Combining the capabilities of PCR and NGS to identify and characterize pathogens
Outbreak control and disease prevention efforts rely on swift identification and characterization of novel and existing pathogens, which are then used to develop new and better detection methods. Fast results are crucial for developing effective tools and deploying those tools to limit the spread of an infectious disease. In addition to requiring rapid results, researchers working with challenging sample types (e.g., clinical research and environmental samples that often contain very low copy numbers) need highly sensitive and accurate tools to detect and sequence their target pathogen.
Real-time quantitative PCR (RT-qPCR)- and PCR-based methods are widely used together with next-generation sequencing (NGS) analysis to identify and characterize viral and bacterial pathogens due to their efficiency, sensitivity, and accuracy. RT-qPCR has been used in assays that detect and confirm specific viral sequences obtained using NGS technology. Multiplex PCR has also been used to detect pathogenic bacteria in combination with NGS analysis. These technologies have played key roles in studies involving a variety of viral, bacterial, and mammalian pathogens. Examples include the initial identification and sequencing of the SARS-CoV-2 virus, the identification of Leptospira in a variety of environmental samples in order to understand its mode of transmission, and the identification of mutations in the Epstein-Barr virus (EBV) genome that may cause chronic active EBV (CAEBV) and lymphoma.
Identifying and classifying SARS-CoV-2
The novel coronavirus, SARS-CoV-2 was first identified and classified using a combination of RNA-seq, one-step RT-qPCR, and Rapid Amplification of cDNA Ends (RACE). The authors (Zhu et al. 2020) of the first publication that identified this new RNA virus developed an RT-qPCR screening test that used Takara Bio's One Step PrimeScript RT-PCR Kit (Perfect Real Time) to detect specific viral sequences that were obtained by using RNA-seq to analyze the virus. The authors performed a full-length phylogenetic analysis, which showed that SARS-CoV-2 was similar to some betacoronaviruses detected in bats, but distinct from SARS-CoV and MERS-CoV, two previously identified coronaviruses that can cause severe respiratory illness in humans.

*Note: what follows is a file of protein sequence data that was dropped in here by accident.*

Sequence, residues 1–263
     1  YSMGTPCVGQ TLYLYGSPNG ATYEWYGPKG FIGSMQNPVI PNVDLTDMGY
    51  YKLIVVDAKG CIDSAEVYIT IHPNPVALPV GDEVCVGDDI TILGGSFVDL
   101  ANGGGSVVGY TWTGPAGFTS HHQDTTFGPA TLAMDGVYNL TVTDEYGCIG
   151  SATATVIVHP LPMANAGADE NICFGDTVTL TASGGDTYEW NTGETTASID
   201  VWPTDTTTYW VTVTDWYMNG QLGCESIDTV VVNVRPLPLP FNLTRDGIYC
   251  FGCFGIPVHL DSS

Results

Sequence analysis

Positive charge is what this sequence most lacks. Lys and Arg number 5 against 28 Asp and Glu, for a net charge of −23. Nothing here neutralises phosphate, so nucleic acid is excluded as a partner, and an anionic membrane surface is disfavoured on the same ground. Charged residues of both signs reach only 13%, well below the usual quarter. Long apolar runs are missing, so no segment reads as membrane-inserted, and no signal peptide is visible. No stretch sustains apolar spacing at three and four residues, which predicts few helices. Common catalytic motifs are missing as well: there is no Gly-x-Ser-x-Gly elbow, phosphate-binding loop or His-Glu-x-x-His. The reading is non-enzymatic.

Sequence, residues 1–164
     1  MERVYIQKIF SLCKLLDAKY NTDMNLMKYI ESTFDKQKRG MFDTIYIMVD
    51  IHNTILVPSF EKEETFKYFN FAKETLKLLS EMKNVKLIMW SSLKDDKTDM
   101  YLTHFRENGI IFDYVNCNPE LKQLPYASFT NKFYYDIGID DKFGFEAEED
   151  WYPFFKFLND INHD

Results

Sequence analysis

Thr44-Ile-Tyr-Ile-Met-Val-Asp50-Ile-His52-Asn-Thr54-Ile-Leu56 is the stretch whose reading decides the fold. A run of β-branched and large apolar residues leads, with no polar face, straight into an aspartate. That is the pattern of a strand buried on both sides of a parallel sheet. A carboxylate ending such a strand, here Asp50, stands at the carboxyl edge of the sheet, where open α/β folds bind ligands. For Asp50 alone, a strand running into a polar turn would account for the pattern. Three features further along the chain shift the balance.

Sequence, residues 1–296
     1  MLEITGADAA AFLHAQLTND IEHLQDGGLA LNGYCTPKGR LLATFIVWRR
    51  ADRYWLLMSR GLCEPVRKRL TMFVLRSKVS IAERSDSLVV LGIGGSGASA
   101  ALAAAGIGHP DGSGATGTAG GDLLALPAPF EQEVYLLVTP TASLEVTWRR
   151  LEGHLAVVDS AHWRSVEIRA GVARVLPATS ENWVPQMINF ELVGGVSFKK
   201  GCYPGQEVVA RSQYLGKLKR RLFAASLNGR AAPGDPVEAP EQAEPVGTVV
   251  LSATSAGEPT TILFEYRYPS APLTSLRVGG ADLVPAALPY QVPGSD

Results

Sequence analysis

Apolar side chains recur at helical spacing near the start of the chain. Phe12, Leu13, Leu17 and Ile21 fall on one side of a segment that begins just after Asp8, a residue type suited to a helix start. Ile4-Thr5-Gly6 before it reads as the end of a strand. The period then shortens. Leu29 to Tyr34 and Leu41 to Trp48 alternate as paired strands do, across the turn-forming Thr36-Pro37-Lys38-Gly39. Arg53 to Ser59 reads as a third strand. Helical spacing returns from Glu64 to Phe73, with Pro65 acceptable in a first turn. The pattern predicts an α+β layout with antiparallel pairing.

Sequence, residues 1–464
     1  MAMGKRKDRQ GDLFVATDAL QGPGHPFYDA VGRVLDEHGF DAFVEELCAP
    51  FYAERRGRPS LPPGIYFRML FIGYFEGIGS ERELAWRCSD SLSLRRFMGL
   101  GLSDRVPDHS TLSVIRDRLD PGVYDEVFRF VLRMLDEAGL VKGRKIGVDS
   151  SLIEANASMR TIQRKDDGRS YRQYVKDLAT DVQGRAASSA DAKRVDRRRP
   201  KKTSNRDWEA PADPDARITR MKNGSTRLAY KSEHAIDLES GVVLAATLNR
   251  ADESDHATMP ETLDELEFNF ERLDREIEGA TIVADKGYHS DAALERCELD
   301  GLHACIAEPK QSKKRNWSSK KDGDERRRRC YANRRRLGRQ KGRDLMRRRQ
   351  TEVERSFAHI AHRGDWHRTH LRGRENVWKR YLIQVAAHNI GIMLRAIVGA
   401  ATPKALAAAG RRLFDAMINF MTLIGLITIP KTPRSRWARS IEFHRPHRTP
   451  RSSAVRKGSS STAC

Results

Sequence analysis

Another research study (Wu et al. 2020) also used RNA-seq to determine the viral genome sequence of SARS-CoV-2, which they confirmed using RT-qPCR. Next-generation meta-transcriptomic sequencing analysis enabled the researchers to obtain a complete viral genome sequence. Subsequent phylogenetic analysis performed by this group also indicated that the virus is most closely related to a group of SARS-like coronaviruses that had previously been found in bats in China. These analyses were made possible in part by kits and reagents produced by Takara Bio: an RNA library was constructed using our pico-input strand-specific total RNA-seq technology, the viral genome sequence was determined and confirmed by performing RT-qPCR with the One Step PrimeScript RT-PCR Kit (Perfect Real Time), and the SMARTer RACE 5′/3′ Kit was used to study the genome termini.
NGS- and PCR-based methods were utilized in another publication (Zhou et al. 2020) to perform a metagenomic analysis that identified the virus as 96% identical to a bat coronavirus at the whole-genome level. This group also used the SMARTer RACE 5'/3' Kit to determine the 5' ends of the genomes. The pairwise protein sequence analysis of seven conserved nonstructural proteins showed that this virus belongs to the species of SARSr-CoV. They also confirmed that SARS-CoV-2 uses the same cell entry receptor, ACE2, as SARS-CoV, which has proven to be of vital importance in the quest to develop treatments and vaccines to combat the COVID-19 pandemic.
Investigating transmission of leptospirosis in the environment
Leptospirosis is a disease caused by the Leptospira bacteria that infects humans through exposure to the urine of animals carrying these bacteria or contaminated environmental samples. A research group in Okinawa, Japan (Sato et al. 2019) sought to develop new tools to systematically detect Leptospira in order to prevent human infection. They studied the bacterial ecosystem that allows the development of Leptospira during biofilm formation and investigated which animals are potential reservoirs for transmitting this pathogen to humans by analyzing a variety of environmental samples using multiplex PCR and NGS.